UNITED NATIONS (AP) — A confidential U.N. document says Morocco violated a 1991 cease-fire agreement with the Polisario Front independence movement by sending armed security personnel and equipment into the contested Western Sahara region without prior notice to U.N. peacekeepers.
The note to the U.N. Security Council from the Department of Peacekeeping Operations, obtained Monday by The Associated Press, said the Polisario Front deployed 32 armed military personnel in response, also in violation of the cease-fire.
Secretary-General Ban Ki-moon expressed deep concern Sunday at "the tense situation that has developed in the narrow buffer strip in southwestern Western Sahara between the Moroccan berm and the Mauritanian border," his spokesman said.
The U.N. chief said this was the result of "the introduction of armed units from Morocco and the Polisario in close proximity to each other" and urged both sides to respect "the letter and the spirit of the cease-fire agreement," the spokesman said.
Morocco annexed Western Sahara, a former Spanish colony, in 1975 and fought the Polisario Front. The U.N. brokered a cease-fire in 1991 and established a peace-keeping force known by the acronym MINURSO to monitor it and help prepare a referendum on the territory's future, which has never taken place.
Morocco considers Western Sahara its "southern provinces" and has proposed wide-ranging autonomy, but the Polisario Front insists on self-determination through a referendum.
Morocco expelled more than 70 U.N. civilian staffers with MINURSO in March to protest the secretary-general's perceived gaffe in using the word "occupation" to describe Morocco's annexation of Western Sahara. Twenty-five staffers returned last month but MINURSO is still not fully operational.
The confidential note said MINURSO confirmed through multiple ground and air patrols over the Aug. 16-25 period that Morocco "was conducting what it maintained to be clearance of damaged vehicles in order to reduce the capacity of smugglers to operate, along with road laying activities" in the southern part of Western Sahara.
"This was initiated without prior notice to MINURSO, contrary to requirements specified in Military Agreement No. 1" of the cease-fire, the note said, "and with the support of armed security personnel from the Royal Moroccan Gendarmerie."
It said Morocco confirmed these activities on Aug. 18, and in response MINURSO significantly reinforced its monitoring activities in the area and is carrying out extensive consultations with both sides to de-escalate the situation and avert a resumption of hostilities.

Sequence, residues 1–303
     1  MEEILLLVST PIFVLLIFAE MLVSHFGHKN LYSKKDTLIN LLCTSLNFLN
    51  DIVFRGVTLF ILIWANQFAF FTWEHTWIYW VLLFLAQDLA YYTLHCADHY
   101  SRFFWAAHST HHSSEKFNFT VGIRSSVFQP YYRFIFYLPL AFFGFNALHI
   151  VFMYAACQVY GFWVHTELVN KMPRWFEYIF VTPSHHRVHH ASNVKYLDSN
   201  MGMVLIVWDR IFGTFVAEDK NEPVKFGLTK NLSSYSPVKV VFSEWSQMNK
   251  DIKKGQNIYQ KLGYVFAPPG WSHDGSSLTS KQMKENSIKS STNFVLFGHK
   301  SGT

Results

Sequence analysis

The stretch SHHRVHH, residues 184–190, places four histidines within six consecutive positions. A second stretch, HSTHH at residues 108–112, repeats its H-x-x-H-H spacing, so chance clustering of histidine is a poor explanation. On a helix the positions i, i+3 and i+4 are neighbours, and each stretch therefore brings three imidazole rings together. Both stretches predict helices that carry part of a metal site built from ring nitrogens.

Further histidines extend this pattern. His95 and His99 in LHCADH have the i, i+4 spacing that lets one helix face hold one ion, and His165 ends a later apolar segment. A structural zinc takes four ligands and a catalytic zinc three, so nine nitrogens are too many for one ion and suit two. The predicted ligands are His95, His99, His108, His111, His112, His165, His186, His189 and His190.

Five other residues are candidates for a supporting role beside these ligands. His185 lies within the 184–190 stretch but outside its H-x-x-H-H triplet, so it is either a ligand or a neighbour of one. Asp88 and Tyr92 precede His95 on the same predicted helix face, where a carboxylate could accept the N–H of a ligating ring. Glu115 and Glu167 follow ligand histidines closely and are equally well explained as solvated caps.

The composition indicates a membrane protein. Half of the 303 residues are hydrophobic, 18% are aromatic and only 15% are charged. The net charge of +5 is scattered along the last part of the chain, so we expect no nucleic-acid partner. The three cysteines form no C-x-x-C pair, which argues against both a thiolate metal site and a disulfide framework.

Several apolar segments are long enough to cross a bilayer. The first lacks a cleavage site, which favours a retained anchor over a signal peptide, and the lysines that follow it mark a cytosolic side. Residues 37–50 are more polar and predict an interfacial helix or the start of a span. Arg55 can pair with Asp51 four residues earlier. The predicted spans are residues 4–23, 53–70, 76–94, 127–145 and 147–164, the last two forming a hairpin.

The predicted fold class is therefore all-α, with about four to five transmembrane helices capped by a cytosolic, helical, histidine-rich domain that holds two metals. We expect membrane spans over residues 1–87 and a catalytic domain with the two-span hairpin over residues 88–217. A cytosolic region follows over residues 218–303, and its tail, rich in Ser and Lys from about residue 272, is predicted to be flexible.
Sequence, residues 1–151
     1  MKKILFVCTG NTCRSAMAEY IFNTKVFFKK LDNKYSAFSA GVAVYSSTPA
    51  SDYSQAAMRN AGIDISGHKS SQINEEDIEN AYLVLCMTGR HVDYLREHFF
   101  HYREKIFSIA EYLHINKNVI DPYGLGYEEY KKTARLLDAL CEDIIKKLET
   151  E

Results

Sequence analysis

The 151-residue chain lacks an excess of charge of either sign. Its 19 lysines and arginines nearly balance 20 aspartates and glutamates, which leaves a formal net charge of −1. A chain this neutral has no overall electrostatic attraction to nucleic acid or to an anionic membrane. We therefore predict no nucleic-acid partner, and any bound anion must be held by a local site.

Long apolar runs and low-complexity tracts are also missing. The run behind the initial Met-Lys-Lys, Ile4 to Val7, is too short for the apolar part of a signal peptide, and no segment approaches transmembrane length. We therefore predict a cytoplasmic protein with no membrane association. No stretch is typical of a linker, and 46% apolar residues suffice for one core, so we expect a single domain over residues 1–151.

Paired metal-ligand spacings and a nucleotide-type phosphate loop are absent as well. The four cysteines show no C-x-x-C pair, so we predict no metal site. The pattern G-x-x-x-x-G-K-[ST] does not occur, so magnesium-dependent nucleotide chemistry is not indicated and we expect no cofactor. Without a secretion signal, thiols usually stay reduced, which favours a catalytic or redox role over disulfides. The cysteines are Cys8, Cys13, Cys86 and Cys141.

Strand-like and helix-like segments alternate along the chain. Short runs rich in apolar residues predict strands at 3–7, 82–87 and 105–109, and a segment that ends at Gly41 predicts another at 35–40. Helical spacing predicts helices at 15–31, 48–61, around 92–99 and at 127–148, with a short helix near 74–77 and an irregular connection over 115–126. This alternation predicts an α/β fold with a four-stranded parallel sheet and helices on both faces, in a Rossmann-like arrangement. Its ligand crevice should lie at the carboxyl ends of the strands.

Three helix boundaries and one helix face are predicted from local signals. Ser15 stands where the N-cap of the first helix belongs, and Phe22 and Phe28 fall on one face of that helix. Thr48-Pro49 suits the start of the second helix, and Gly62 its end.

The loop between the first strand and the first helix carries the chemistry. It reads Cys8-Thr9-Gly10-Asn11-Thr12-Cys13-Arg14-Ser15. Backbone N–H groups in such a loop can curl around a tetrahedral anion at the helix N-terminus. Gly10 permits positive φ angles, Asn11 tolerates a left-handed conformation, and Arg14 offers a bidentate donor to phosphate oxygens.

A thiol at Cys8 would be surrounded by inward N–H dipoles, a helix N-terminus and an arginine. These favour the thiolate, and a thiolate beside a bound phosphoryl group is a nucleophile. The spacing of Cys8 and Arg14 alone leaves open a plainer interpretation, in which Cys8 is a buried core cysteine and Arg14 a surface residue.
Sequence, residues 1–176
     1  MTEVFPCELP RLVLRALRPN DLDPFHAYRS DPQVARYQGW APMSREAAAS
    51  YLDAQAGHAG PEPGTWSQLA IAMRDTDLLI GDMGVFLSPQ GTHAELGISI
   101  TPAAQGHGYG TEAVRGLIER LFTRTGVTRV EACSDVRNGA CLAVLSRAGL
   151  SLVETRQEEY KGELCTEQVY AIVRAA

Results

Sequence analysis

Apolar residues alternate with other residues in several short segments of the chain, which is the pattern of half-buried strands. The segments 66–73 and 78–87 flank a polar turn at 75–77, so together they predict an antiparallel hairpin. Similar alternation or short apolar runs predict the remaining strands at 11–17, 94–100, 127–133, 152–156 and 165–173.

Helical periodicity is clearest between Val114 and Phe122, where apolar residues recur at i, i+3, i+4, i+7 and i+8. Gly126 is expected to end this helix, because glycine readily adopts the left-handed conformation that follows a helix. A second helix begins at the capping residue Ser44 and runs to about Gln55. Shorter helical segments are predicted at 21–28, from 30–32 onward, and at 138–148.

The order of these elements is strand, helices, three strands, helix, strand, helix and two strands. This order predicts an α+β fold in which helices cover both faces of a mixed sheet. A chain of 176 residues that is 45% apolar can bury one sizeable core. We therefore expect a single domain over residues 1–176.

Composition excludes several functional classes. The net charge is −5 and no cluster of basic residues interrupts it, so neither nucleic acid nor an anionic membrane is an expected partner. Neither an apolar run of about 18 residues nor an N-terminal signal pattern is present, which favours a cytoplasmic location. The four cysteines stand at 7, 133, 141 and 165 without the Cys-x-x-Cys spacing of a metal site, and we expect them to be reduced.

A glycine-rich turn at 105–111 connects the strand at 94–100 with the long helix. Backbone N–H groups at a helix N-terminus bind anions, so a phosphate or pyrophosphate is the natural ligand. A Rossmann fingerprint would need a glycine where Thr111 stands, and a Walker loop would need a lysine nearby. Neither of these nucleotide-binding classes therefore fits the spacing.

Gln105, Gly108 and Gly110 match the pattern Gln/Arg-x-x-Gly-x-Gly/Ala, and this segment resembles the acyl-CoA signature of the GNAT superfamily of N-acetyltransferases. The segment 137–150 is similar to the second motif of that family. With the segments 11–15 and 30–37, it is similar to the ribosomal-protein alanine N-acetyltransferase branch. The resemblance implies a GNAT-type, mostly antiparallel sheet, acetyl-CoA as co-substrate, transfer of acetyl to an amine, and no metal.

The Polisario Front sent a letter to the U.N. secretary-general on Aug. 15 urging him to end Morocco's violation of the cease-fire agreement.
Polisario Minister of Defense Abdallahi Lehbib Belal said in a letter to MINURSO's chief of staff on Sunday that he deployed military forces to the area on Sunday morning "to prevent further Moroccan activities beyond the berm, including the asphalted road it has started to build."
The Polisario Front has said that if the road is built Morocco would have to maintain it, which would give its military a permanent presence in the restricted area.
A Moroccan Foreign Ministry official told The Associated Press on Monday that "it is the Polisario that has been engaging in provocation" — not Morocco.
"We launched our anti-smuggling campaign in cooperation with Mauritania, then the Polisario began sending in troops this past Friday night/Saturday morning near the border," the official said, speaking on condition of anonymity because he was not authorized to speak publicly.
The U.N. peacekeeping department said in the confidential note that Morocco informed MINURSO on Sunday that it observed 20 Polisario Front "elements" in the buffer strip. It said the Polisario Front told MINURSO later Sunday it was establishing a checkpoint "to stop the Moroccan construction works" — but not civilian traffic.
The Polisario Front was informed by MINURSO that the deployment of its forces in the buffer strip was a violation of the cease-fire agreement, the note said.
It said MINURSO plans to set up a special working group to review the potential violations by both sides.